The neo-con blogs were buzzing yesterday with the news that Rand Paul criticized the Civil Rights Act of 1964, and the hypocrisy of their criticism is palpable. Grab any conservative off of the street and ask them if opposing the Clean Water Act is synonymous with opposing clean water and they will tell you absolutely not. Criticizing a piece of legislation and criticizing the stated goal of that legislation are two completely different things. Otherwise, if you consider Rand Paul a racist for thinking that the Civil Rights Act was flawed, you must also think that every Republican in congress doesn’t want poor people to have healthcare since they all opposed the “Affordable Health Care for America Act” (i.e. Obamacare). Please. What silliness.
It’s obvious what’s going on. The old guard Republican establishment is terrified of the Tea Partiers and anybody that smacks of libertarianism. That’s why Dick Cheney and Mitch Mconnell came out in support of Rand Paul’s primary opponent, Trey Grayson. Mconnell even went so far as to privately mislead James Dobson about Rand Paul’s views on abortion. Dobson later came out and switched his vote from Grayson to Paul after he learned that he had been mislead. Obviously the GOP elitists hate Rand Paul with a passion. And then, out of nowhere comes this big hubbub about his criticisms of the Civil Rights Act, originating from the neo-con blogosphere.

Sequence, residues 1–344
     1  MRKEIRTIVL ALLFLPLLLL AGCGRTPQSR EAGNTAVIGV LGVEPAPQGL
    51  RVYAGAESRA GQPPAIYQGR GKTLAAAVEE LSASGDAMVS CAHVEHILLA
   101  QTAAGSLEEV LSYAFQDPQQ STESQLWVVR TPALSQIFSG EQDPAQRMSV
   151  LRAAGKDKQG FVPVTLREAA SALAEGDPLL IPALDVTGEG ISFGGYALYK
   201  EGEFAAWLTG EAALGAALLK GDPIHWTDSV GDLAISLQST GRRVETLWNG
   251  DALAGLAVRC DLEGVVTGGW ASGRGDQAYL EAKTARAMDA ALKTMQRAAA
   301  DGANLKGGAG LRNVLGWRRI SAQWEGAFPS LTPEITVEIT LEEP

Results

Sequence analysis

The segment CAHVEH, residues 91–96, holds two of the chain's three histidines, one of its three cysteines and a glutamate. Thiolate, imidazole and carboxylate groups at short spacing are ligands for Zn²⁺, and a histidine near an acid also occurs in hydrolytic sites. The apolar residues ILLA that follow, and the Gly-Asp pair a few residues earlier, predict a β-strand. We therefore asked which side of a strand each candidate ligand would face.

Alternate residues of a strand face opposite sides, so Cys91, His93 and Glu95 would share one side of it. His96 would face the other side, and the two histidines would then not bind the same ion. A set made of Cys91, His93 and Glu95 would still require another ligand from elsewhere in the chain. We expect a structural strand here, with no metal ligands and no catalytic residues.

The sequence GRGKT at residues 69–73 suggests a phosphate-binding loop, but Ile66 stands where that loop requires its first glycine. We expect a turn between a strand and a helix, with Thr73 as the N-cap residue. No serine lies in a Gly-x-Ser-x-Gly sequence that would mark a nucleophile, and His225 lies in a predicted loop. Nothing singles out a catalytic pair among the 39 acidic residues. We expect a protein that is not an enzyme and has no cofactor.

The dirty little secret of historical fact that they leave out of every story is that the Civil Rights Act was soundly criticized by many people at the time it was being debated, especially libertarians. Their criticism had nothing to do with race. Instead, they were thoroughly disgusted with the amount of power that the legislation gave to the federal government. Even though most of the CRA was justified(specifically titles I and III were long overdue), there were real causes for concern in other parts of the bill when it came to civil liberties of blacks and whites.